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Home / FIshing Reports / Pacific Angler Friday Fishing Report: July 7, 20223

Pacific Angler Friday Fishing Report: July 7, 20223



We hope everyone who hit the water on the Canada Day Long Weekend had a great time with friends and family.   

The saltwater anglers had some windy conditions to contend with, but the fishing continues to be excellent, and it is still well worth getting out to the Bowen Island area for coho.  We also heard of the first pink being caught in the saltwater.  It is still a way off for river or beach angling, but they are coming.  In this week’s report we have saltwater updates from both the beach and those out trolling.   

Matt also has a brief update on some of the trout rivers so be sure to check that out if you are hitting the water this weekend.  

The other fishery that saw some ok reports was the Chilliwack/Vedder.   When we say “ok” reports, it was not red hot, and the bulk of the red chinook have not shown up yet, but fish were caught.  It is not uncommon for opening weekend to be a complete bust so a few fish are a great sign for the upcoming season.  

Last, but not least, we have a sturgeon update and a lake fishing report.  Low Fraser water levels mean that it is a good time to get out to chase dinosaurs and even though lakes are heating up we haven’t seen scorching weather yet and good lake reports are coming in from higher elevations.  

We have another beautiful weekend of weather so we hope everyone can get out to enjoy it!  

On to the report!  


If you’re looking to get in our Introduction to Fly Fishing Course, now is the time.  We have some room in next week’s course and again in our September course.  After the September offering, we are wrapping that course up for the year!   So now is the time to sign up. 

Introduction to Fly Fishing

This course is specifically designed to give the new fly fisher the basic knowledge, casting skills and fly fishing strategies to effectively fish our local BC waters. This course is comprised of two sessions; 3hr evening seminar and a 3hr casting session. The dates below show the seminar date first and casting date second.

Dates: Jun 14 & 17, July 11 & 15, Sept 19 & 23  
Cost: $175.00+GST
Seminar Time:  6:30pm – 9:30pm
Casting Time(s): 10am – 1pm or 1:30pm -4:30pm



Chilliwack River Fishing Report  
The C/V system has been open since last Saturday, July 1st, and we’re hearing reports of some fish being caught- both springs and sockeye.  As expected, the bulk of the chinook run hasn’t showed up just yet, but there are a few making their way into the system and the dedicated anglers who are willing to put in the time to find fish are having some success.  The water is currently running exceptionally low and clear for the early part of the season.  As such, you can expect the fish to be holding in the deep, fairly fast water that gives them a sense of security.  You can also expect the fish to be a bit spooky, especially if there’s a lot of angling pressure.  

As I said above, the bulk of the run hasn’t pushed into the river yet- that usually happens around the second or third week of July.  Since there aren’t huge numbers of fish in the system just yet, you may need to put in some time and legwork to find fish… not unlike winter steelhead season, except hotter and sweatier.  Fresh springs are usually quite aggressive, so presentations such as roe, shrimp, blades, yarn, beads, jigs or gooey bobs will all get the job done, just be sure to adjust the size of your presentation based on water clarity and angling pressure.  First light is typically the best time to target any salmon, and summer chinooks are no exception.  Having said that, you can certainly catch fish at any time of day, especially if the fish aren’t receiving a lot of pressure.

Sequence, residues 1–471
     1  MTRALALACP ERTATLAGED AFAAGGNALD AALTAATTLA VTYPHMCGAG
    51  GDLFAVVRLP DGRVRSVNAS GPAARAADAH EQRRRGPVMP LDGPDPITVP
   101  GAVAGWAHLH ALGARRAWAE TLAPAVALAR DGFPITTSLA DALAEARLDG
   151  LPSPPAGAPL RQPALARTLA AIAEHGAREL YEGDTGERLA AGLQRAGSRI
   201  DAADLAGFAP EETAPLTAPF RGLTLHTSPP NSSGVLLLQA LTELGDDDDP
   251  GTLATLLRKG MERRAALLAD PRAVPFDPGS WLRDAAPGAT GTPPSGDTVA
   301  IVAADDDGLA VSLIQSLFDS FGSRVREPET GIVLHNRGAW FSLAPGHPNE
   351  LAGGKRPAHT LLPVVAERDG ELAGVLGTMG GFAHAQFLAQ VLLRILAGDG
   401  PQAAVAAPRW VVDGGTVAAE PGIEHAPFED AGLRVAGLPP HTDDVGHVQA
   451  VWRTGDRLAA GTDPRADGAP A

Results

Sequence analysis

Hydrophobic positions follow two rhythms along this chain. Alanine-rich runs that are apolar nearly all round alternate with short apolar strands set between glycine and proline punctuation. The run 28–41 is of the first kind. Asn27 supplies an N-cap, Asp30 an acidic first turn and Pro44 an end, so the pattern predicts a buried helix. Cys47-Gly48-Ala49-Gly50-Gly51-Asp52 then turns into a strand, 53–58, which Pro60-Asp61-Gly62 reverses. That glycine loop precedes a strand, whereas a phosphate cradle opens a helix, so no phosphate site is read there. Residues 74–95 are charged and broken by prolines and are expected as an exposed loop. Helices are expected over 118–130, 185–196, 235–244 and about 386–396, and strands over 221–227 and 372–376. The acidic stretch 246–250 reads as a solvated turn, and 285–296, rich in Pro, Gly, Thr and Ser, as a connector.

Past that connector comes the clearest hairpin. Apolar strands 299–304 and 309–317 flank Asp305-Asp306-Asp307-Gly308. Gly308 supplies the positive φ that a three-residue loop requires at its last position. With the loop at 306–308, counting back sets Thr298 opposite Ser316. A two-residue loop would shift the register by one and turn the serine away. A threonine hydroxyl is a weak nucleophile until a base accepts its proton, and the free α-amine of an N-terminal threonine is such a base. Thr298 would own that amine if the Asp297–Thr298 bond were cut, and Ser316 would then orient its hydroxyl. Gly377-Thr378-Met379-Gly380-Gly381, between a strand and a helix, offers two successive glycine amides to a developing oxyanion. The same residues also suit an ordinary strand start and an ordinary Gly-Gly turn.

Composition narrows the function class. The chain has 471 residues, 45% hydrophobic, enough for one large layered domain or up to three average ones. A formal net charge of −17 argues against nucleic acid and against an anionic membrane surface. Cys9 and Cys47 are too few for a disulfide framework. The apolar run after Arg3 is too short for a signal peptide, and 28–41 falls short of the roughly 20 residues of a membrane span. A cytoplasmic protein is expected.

A Red Chinook Taken Last season

As I mentioned in last week’s report, there will be a mix of springs and sockeye in the system. The chinook run is actually not native to the C/V system and is almost entirely made up of hatchery fish, so you are allowed to retain one per day. The sockeye run, on the other hand, is a native run that typically spawns in the upper Chilliwack River, above Chilliwack Lake, or in the creeks that feed into Chilliwack Lake.  Due to past overfishing, poor survival rates and general destruction of habitat, the sockeye run is not doing especially well, with numbers of spawning adults fluctuating greatly from year to year.  As such, you may not specifically target sockeye in the C/V system, and you certainly can’t retain them, so identify your catch before you drag it up on the rocks.  Sockeye do bite and are encountered quite frequently when targeting chinook – they fight exceptionally well for their size, but they can be quite fragile- as such, any sockeye that you hook should be fought and landed as quickly as possible to minimize fatigue-related mortality.  Be sure to practice proper fish handling procedures- keep the fish in the water, minimize handling and get the fish released as quickly as possible.  

Taylor Nakatani 

Sturgeon Fishing Report 
The Fraser has been fishing well for sturgeon as the water levels have dropped from freshet and the fish are settling in for their summer feed.  Productive baits have been roe, lamprey, dew worms and salmon parts.   

If you are looking to do some local sturgeon fishing, we offer guided sturgeon trips on our 22 foot jet boat out of Richmond.  We have world class sturgeon fishing only minutes from downtown.  It’s a great way to see the city, do battle with some giants, and soak up the summer sun.  Check out our website Sturgeon Fishing Vancouver for details. 

If you have your own boat and need some tackle, we have what you need at the shop.  No boat, no problem.  You can catch these amazing fish from shore as well.  Drop by the shop to get setup and pointed in the right direction for some sturgeon bank angling.   

PA Saltwater Guide Dezai landing a nice sturgeon that was hooked while fishing from shore. What do our guides do after saltwater guiding all day, they sturgeon fish in the late afternoon and evening! A testament to how amazing this fishery is this time of year.

If you haven’t sturgeon fished before, I highly recommend it.  This time of year, these fish rip line off the reel and come flying out of the water on multiple big jumps.  It’s truly an amazing fishery.  Give it a try, you won’t regret it. 

See you in the shop or on the water, 

Jason Tonelli